But "The Sea Wolves" has one major issue and that is it is slow going especially as it tries to set up the story of the Germans having 3 boats in the neutral water off of Goa with one of them illegally broadcasting to the German u-boats. Over half of the movie seems to focus on Col. Lewis Pugh and Capt. Gavin Stewart trying to discover what is going on in Goa before it ever gets to the veterans being formed into an adhoc troop. And this makes it feel like it's treading water before the actual action and adventure can come to the fore. There is still action in this first half as both Lewis and Gavin run in to trouble during their spy like activities but it just seems like it's biding it's time.
It also doesn't help matters that director Andrew V. McLaglen tries to inject some humour into the story yet none of it ever really comes off. In fact it feels incredibly cheesy when you have Roger Moore, who plays Capt. Gavin Stewart, turning on the charm with a woman he meets in Goa. It just feels very forced and not that funny which is sadly the case of many of the intentionally funny moments and whilst it may have worked once it now makes "The Sea Wolves" quite corny.
The good news is that when it does eventually get around to these army veterans risking their lives to try and destroy these 3 German boats it does become entertaining. It may not be the most action packed series of scenes as they storm the boats, lay mines and blow things up but by keeping the action simple it is actually more believable, well to be honest with the likes of David Niven being 70 when this was made it would have been wrong for him to be doing any action man style antics. And on top of this the various moments of drama which is set up such as Capt. Stewarts lady friend actually working for the Germans adds a nice layer of excitement to things as it all comes to a head.
As for the casting, well with the storyline being about military vets getting one more shot a some action it is pretty spot on especially with many of the faces having appeared in war movies from the 50s, 60s and 70s. It almost makes it feel more believable when you have the likes of Gregory Peck who lead a military attack in The Guns of Navarone" playing an older military man leading these men in "The Sea Wolves". And to be honest from Gregory Peck through to Trevor Howard and taking in the likes of Patrick Macnee, David Niven and Kenneth Griffith they all give good performances. But there is an exception and that is Roger Moore as Capt. Gavin Stewart because for the simple reason he ends up coming across too much like James Bond especially in a couple of scenes where he takes on a couple of baddies whilst wearing a Tuxedo. It is sadly one of the reasons why "The Sea Wolves" ends up feeling cheesy and I suppose if you liked Roger Moore as James Bond then it may be more entertaining.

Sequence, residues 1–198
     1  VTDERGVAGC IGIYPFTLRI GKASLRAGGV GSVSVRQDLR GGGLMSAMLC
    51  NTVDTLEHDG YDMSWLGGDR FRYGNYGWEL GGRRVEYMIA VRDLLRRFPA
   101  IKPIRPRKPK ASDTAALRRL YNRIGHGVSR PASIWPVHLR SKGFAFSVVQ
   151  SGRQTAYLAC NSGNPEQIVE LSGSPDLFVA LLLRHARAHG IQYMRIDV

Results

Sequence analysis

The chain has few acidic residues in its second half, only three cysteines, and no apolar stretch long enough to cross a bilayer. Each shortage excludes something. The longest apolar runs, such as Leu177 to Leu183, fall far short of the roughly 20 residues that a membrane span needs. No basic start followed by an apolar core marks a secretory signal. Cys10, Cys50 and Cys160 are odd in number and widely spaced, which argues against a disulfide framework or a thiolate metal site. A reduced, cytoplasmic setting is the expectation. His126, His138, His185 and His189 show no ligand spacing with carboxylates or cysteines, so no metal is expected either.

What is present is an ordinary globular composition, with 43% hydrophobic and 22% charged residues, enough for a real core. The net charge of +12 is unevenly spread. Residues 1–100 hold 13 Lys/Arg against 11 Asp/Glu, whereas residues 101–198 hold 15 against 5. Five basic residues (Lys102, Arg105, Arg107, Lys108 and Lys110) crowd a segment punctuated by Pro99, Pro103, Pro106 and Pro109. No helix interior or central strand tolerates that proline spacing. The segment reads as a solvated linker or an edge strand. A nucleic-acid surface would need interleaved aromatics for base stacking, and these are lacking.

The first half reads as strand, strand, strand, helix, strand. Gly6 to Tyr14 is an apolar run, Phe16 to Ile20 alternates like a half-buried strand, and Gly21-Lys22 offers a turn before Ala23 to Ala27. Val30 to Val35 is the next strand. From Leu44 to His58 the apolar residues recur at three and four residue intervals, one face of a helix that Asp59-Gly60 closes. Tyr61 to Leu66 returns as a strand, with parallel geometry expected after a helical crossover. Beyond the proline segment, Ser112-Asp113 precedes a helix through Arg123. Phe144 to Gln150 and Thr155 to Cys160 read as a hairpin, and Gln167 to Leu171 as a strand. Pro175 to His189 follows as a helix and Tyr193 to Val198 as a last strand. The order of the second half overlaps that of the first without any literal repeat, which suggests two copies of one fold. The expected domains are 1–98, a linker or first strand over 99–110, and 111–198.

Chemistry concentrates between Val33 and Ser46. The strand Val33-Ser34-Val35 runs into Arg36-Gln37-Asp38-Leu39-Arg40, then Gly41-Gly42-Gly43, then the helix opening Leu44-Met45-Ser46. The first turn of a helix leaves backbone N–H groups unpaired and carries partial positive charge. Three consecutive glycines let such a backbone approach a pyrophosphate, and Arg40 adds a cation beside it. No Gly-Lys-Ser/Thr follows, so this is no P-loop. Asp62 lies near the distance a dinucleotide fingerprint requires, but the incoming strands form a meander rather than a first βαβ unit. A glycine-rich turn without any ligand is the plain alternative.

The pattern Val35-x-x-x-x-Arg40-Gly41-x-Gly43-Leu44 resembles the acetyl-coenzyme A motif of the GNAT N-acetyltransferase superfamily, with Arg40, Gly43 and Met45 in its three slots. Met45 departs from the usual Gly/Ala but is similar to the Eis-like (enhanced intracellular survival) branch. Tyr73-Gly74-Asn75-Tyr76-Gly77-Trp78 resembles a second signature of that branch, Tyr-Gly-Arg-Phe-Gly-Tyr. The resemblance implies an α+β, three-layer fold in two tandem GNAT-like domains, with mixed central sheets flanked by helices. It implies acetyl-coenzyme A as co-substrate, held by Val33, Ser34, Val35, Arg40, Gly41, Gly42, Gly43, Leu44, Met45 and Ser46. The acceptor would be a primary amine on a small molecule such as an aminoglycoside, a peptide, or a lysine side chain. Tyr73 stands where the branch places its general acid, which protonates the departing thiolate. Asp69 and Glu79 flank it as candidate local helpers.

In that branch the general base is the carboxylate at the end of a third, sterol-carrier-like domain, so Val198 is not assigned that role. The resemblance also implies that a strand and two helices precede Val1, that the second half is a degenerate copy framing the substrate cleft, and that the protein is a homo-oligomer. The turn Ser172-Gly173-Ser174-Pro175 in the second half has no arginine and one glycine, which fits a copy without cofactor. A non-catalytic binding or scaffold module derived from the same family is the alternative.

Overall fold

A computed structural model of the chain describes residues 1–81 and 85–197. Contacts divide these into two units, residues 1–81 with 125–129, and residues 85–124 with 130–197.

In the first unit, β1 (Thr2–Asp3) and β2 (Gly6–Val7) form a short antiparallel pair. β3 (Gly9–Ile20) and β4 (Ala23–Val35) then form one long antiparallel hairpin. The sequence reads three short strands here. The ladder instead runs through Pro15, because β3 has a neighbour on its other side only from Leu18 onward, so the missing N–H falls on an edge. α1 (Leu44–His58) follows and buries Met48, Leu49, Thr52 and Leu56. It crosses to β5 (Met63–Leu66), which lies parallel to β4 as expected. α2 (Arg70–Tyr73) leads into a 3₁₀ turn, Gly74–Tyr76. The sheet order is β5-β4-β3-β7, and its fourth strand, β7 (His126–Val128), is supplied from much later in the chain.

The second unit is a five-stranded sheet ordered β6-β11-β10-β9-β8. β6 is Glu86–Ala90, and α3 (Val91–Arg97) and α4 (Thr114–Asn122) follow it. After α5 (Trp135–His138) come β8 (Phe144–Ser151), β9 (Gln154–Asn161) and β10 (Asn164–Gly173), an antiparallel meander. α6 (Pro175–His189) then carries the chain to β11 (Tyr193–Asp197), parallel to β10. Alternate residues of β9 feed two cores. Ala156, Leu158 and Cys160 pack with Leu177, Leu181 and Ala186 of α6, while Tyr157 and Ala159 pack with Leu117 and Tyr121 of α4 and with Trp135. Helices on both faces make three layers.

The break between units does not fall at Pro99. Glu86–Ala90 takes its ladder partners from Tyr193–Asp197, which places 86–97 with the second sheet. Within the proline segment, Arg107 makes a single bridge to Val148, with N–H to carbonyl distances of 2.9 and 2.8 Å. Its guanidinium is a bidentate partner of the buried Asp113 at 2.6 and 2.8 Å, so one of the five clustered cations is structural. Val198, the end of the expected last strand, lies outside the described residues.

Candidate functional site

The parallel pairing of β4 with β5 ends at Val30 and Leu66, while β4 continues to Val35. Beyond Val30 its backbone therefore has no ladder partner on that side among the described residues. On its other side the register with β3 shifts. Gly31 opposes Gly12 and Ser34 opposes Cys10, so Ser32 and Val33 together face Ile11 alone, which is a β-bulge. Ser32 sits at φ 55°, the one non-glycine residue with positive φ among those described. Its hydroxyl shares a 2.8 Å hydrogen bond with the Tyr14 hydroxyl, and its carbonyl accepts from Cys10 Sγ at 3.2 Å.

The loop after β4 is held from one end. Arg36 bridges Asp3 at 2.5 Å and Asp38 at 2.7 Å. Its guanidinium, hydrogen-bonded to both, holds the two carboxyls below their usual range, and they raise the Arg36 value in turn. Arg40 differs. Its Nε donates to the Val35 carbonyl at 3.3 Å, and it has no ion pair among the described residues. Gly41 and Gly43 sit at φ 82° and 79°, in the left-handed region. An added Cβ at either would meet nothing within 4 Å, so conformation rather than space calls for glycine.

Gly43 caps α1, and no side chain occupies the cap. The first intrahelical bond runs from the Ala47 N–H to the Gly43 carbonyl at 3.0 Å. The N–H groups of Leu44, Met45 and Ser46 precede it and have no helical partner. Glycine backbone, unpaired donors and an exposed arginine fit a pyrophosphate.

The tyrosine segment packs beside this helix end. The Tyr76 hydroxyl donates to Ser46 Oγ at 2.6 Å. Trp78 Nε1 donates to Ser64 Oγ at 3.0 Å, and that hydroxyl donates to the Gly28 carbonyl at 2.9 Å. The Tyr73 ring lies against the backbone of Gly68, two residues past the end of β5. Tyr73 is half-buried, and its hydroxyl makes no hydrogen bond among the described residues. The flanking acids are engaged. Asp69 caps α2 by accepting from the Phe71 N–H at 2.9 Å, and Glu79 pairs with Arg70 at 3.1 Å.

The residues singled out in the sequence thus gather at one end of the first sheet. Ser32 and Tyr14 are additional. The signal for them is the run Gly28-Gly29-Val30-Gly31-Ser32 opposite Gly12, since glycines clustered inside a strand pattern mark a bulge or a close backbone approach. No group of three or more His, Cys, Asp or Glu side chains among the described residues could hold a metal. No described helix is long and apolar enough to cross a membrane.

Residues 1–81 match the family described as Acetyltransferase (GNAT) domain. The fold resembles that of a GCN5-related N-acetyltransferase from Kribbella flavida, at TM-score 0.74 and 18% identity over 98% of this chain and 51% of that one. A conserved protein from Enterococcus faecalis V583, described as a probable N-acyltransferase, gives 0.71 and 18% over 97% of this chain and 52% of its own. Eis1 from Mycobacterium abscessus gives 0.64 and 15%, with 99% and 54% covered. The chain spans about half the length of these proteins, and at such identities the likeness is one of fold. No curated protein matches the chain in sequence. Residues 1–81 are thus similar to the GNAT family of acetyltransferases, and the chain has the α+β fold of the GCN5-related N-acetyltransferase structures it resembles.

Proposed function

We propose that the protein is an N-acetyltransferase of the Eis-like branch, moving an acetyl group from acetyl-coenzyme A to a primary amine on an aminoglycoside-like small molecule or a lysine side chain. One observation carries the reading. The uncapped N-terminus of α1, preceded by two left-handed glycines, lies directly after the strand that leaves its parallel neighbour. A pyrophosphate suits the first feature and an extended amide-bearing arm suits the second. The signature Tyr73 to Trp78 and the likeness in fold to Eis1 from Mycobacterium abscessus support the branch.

What this all boils down to is that "The Sea Wolves" is one of those war movies which were not only once the mainstay of British cinema but also by the start of the 80s had really run their course. It's not terrible and watching many stalwarts of British cinema having one last hoorah as they take on the Germans provides for some enjoyable action but it is also very slow going seeming to take an age to get to the action and spoilt by attempts to inject humour which end up making it feel cheesy.